Uh… wow. What a weekend. I’m absolutely exhausted, but it’s SO been worth it. As I said on Twitter the other day, all SQUEE all of the time!
I’m not entirely sure where to start with this, but I guess the logical point is to say that On Harrowdown Hill is FINISHED! And not only finished, but submitted to ENO and on its way to being considered for the next round of the competition. Have a listen:
I’m not thinking too much about the next round. I would LOVE to be shortlisted, and would be an unstoppable ball of squee were I to be picked for the mentorship with Nico Muhly, but even if it goes no further, it’s been a massively worthwhile thing to do.
I think I said earlier that is the first time I’ve written in short score, which was purely for the expediency of having the vocal parts done in time for the singers to learn them while I worked on the (mostly) MIDI instrumental parts (small piece of trivia: I discovered last night, while reading The Muse That Sings, that this is how John Adams did Nixon in China and Death of Klinghoffer too – and for the same reason!). So it was a bit of a new experience, and orchestrating was actually a little harder than I thought it would be because I’d got so used to having the piano sound in my head that it was quite difficult to get rid of it from anywhere.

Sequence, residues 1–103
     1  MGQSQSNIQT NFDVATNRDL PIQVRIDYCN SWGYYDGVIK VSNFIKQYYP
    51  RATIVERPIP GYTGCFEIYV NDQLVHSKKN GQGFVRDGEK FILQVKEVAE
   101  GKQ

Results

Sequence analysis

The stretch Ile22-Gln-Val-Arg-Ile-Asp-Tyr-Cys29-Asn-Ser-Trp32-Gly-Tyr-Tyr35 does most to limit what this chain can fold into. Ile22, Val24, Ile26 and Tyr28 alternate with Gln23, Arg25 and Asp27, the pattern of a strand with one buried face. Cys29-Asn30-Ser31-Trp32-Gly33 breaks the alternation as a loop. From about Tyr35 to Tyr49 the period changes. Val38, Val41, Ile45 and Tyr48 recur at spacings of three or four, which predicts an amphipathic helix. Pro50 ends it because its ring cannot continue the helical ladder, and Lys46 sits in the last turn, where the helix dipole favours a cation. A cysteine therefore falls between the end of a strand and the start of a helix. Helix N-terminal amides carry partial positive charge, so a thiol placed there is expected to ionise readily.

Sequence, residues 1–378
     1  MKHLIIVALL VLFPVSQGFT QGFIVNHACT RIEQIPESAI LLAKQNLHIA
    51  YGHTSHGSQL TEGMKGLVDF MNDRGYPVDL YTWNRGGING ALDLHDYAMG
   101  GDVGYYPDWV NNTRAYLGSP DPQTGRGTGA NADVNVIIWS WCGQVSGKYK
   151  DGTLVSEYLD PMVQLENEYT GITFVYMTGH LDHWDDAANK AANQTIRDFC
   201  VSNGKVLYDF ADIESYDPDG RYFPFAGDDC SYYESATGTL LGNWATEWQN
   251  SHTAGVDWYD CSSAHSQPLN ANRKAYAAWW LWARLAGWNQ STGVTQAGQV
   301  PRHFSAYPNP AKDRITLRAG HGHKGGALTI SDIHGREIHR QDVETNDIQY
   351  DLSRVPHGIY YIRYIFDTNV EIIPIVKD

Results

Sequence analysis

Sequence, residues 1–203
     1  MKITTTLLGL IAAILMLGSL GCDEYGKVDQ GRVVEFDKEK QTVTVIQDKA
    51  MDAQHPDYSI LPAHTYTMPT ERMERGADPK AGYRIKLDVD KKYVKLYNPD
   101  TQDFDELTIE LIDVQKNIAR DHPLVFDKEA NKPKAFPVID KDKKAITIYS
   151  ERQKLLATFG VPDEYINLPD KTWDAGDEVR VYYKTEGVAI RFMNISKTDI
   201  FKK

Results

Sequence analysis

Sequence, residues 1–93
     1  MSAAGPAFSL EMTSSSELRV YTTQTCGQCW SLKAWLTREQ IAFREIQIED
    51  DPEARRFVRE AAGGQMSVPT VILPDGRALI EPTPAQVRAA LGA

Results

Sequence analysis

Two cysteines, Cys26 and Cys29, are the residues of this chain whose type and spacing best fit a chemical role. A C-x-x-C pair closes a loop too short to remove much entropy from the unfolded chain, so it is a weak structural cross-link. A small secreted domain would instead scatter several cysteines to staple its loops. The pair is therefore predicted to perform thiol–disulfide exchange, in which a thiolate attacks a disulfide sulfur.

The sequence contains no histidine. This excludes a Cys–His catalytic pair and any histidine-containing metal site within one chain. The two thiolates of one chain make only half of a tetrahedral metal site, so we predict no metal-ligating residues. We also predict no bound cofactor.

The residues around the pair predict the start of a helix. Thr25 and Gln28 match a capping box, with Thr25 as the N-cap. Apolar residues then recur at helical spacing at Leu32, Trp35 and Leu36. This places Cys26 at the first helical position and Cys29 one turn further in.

The beginning ended up fairly lush for me, really, all those strings, but as it went along it got sparser and sparser until at the end it’s just single notes in flute or electric violin underpinning the voice, and finally – after a quiet flourish across the ensemble – it’s just The Inspector. Partly this because I wanted to emphasise how isolated The Inspector feels by the end of it – he’s been thrown to the wolves and there’s nobody defending him; and partly it was down to a lack of time to write anything more complex while preserving that feeling. Oddly, I think the ending is possibly the part I like the best. I like how little underpinning there is. To me it feels both beautiful and really, really bleak, so hoping others feel the same way 🙂
For the fanfarey “They wanted a war”, I ended up cutting out snippets from each of the two piano parts to make the flute part, and doubling some of the bass gestures in the cello for a warmer tone. I think, had there been more time in which to write, and more duration to play with, I would probably have done something smoother with the transition into this section, but Chrissie’s marvellously wicked electric violin noise really helps make the transition sound not as twee as it did when it was just the piano.
I did want to refine and include some more percussion, but there just wasn’t enough time to even think about it – if I go back over it in a bit (which I may) then that’s probably where I’d start.
But overall I’m pleased with how it’s ended up. It’s not perfect, but I kind of like the rough edges too – they sort of go with the vulnerability of The Inspector and – I hope – reinforce his fragile state.